It’s Not About the Money
After recently being reintroduced to the reality of my student loans and how slowly I was chipping away at them—oy, the interest—I came to the conclusion that it was time for a budget revamp. I sat down, mapped everything out and determined the only solution was to relive my college days and go on the all Ramen noodle diet. While I usually pride myself on being a “frugal foodie,” the thought of hot noodles during the hot summer was not appealing, no matter how many variations I could make. Luckily, I travelled down to Philadelphia the following weekend and was reintroduced to the beauty of fresh farmers’ stand produce through a visit to the Italian market.
There is one magic ingredient, however, that I can never seem to find enough of: time. No matter how fast I work and how well I prioritize, there are rarely enough hours in the day. And this seems to be a common challenge when it comes to people saving money. For instance, making coffee and daily meals at home is one of the easiest ways to save, but so often the mornings get away from us and our days acquire morning stops for coffee and afternoon breaks to grab lunch. I myself have fallen victim to this. The key, as with many things in life, is to figure out what works for you. For me, it means preparing as much of the week’s food as possible over the weekend so that I can grab and go. For others, having a set time to prepare food everyday may be a staple in their routine.
This same approach is applied time and time again to personal financial education. What helps you stay on track financially? What helps you save? Through the AICPA, state societies and CPAs’ financial literacy outreach efforts, we strive to help people figure out just that. But it’s not always easy. It seems that often people feel so overwhelmed or exasperated when it comes to the topic of finances that they can barely see straight.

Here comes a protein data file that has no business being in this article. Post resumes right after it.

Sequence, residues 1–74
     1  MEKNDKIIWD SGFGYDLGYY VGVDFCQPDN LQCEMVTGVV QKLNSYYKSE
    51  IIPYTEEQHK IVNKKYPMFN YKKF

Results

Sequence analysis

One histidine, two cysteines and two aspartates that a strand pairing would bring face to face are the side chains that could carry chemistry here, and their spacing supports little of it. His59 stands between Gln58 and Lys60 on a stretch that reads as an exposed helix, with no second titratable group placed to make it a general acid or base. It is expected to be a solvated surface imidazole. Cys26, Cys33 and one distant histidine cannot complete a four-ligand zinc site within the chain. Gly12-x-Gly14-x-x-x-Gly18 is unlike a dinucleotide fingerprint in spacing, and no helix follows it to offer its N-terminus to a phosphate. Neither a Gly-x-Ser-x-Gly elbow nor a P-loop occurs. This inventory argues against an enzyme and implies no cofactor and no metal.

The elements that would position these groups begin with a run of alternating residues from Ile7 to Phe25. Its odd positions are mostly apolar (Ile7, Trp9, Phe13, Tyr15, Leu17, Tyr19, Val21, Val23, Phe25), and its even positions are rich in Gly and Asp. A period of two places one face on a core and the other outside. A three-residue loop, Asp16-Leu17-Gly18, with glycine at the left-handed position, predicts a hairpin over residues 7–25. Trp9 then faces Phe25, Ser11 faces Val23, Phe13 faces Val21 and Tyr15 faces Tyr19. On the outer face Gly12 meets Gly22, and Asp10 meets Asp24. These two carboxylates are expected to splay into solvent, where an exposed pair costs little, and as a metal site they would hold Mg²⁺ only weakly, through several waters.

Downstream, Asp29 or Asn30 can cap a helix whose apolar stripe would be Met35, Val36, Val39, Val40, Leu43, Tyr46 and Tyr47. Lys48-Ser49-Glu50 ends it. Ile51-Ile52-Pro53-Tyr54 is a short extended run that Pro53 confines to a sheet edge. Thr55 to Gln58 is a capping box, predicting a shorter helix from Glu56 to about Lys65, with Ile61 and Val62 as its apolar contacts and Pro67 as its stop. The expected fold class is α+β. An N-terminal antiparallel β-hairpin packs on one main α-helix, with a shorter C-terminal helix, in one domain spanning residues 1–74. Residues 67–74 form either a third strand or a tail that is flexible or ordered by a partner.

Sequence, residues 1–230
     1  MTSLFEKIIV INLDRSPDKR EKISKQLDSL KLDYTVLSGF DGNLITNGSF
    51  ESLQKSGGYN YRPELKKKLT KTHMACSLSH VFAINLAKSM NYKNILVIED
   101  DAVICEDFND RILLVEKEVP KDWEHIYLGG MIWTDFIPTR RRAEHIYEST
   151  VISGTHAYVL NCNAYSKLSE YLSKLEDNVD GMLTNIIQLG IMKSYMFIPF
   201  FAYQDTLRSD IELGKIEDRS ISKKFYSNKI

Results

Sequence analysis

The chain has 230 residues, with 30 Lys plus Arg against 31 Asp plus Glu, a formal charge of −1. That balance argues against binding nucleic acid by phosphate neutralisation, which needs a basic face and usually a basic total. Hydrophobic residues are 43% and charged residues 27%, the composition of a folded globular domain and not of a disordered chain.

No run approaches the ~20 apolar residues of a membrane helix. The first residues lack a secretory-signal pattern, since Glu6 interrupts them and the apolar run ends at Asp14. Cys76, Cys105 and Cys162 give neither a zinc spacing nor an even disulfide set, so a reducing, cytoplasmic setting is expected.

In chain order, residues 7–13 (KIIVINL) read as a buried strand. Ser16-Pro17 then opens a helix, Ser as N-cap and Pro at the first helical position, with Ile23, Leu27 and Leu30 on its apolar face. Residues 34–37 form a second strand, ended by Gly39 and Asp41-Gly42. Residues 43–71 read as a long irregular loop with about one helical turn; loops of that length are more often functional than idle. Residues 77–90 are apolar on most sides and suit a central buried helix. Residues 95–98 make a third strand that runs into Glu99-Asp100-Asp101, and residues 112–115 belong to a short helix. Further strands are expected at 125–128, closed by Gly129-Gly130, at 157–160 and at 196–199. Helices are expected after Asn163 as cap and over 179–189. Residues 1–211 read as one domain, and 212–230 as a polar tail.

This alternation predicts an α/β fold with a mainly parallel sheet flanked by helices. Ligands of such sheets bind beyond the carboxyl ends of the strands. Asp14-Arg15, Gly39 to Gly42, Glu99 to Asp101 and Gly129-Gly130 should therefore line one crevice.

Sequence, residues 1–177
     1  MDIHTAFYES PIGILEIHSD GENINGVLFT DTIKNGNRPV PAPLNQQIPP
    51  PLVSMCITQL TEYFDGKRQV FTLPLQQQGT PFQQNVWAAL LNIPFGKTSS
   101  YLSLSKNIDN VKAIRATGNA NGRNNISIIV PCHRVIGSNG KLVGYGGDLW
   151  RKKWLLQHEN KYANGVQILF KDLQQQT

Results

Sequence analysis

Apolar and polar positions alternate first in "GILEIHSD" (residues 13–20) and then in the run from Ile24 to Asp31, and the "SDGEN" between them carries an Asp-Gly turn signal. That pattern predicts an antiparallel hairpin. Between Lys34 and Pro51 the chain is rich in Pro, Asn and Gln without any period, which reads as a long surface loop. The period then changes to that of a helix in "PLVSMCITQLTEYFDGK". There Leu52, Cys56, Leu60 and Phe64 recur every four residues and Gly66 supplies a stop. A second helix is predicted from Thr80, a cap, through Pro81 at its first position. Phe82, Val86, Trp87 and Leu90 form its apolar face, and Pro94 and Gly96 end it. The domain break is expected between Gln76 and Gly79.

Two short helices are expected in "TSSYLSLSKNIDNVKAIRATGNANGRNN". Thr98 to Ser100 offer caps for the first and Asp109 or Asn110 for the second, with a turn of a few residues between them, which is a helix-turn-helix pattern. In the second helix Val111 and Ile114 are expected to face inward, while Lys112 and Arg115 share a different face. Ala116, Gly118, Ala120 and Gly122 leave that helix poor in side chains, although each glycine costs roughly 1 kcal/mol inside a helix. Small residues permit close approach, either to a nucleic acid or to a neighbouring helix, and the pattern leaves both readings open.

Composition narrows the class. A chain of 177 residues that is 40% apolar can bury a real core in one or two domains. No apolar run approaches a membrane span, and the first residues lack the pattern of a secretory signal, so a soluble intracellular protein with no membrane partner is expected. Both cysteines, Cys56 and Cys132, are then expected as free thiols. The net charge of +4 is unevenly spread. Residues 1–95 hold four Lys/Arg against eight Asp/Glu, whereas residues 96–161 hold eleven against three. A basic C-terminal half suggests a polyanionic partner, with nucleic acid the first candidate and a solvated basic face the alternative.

Perhaps the best approach is to not make it about money. Maybe we start the conversation about something people enjoy talking about, something they feel they have control over. For me, that topic is food. I take stock of what I have every week, determine what can be allocated to different purposes and identify any gaps. Without blatantly identifying it as budgeting, I applied a similar approach to my finances.
What do you think? Do you see other daily activities and routines that can be applied to finances? How do you broach the topic with clients who tend to see finances as a scary topic? How do you make financial fitness as routine as making a meal?
Claudia Cieslak, AICPA Staff.